About 500 Devon and Cornwall households claim more than £26,000-a-year in benefits and will be hit by a controversial cap on state hand-outs, Government figures reveal.
The move to limit welfare payments, a flagship Government reform to be introduced next year, will see affected families stripped of up to £100-a-week in state help.
Ministers argue Britain's welfare bill has spiralled out-of-control and an overhaul is essential to make work more attractive than dependence on benefits.
The £26,000 cap, equivalent to £500-a-week, is symbolic as it represents the average national wage, although it is higher than typical pay in the Westcountry.
Critics argue the reform will mean vulnerable families are thrown out of their homes. Department for Work and Pensions figures have revealed for the first time that of 67,000 families that will be hit by the cap, around 500 are in Devon and Cornwall.
George Eustice, Conservative MP for Camborne and Redruth, said the generous hand-outs were "completely wrong", but Adrian Sanders, Liberal Democrat MP for Torbay, contends children, rather than parents, are the victims of the reform.
Cornwall has 300 families claiming above £26,000. But because the figures are "rounded to the nearest 100", this could mean anything from 251 to 349. Both Plymouth and Torbay local authority areas have each recorded 100 families above the threshold – or between 51 and 149.
The highest household welfare bills are fuelled by housing benefit, and are likely to be drawn by families with a large number of children.
The cap will be felt most in London and the South East, where private sector rents are the highest in the country.
The figures for the Westcountry surprised MPs.
Mr Eustice said: "It is completely wrong that people can receive more in benefits than many families in Cornwall who are working can earn. To take home £26,000 in benefits is the equivalent of someone earning £35,000 a year.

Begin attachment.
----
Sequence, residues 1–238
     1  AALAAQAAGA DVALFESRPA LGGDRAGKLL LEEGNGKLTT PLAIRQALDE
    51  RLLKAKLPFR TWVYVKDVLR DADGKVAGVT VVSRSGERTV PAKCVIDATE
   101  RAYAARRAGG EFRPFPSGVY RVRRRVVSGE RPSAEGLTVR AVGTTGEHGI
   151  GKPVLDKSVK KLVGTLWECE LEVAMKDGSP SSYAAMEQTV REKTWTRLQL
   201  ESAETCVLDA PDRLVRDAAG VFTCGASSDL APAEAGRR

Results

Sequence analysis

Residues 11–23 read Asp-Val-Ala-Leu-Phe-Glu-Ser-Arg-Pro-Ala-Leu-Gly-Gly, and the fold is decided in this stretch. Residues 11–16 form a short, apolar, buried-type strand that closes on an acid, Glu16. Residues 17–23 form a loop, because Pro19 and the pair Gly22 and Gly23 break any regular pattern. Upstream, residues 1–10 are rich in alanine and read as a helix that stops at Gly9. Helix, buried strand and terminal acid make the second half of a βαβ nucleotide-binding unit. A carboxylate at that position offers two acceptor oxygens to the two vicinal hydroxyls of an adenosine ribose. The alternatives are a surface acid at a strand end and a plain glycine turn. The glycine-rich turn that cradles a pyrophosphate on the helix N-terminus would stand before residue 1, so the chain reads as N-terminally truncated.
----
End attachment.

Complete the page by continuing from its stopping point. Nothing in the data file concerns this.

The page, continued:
"We need to reform the benefits system so there are incentives to work and, with an exemption for families looking after severely disabled children, the benefit cap is a key part of doing that."
But Mr Sanders said the problem was driven by families being forced to rent homes from private landlords – who he says are pocketing huge sums – because of a chronic shortage of council and social housing.
He said: "We should cap rents, not benefit. Whether you have one child or five, if you lose your job and have to claim welfare you should not be penalised because you have more children than someone else. And it's not the parents who are hurt, it's the children. If the cap forces a family out of the area, it's the children's schooling that is disrupted."
Councillor Nicky Williams, Labour's welfare spokeswoman at Plymouth City Council, said some families would be forced to move house and would struggle to find anywhere cheaper to live.
"It's families with a lot of children who are not working, who are going to be hit by this," Ms Williams said. "The question is whether there is any accommodation available at a lower cost. If you are in social housing it's unlikely that you will be affected."
Last year, three Church of England bishops in the Westcountry joined a rebellion against the welfare changes.
The Right Reverend Bishops Tim Thornton of Truro, Michael Langrish of Exeter, and Peter Price of Bath and Wells, signed an open letter to "speak for children" over the cap.
The controversial Welfare Reform Bill, limping through Parliament, will introduce a new, simplified universal credit to replace a complex range of payments.
Figures are not available for the six districts in Devon as data for areas with fewer than 100 households claiming above £26,000 are not disclosed.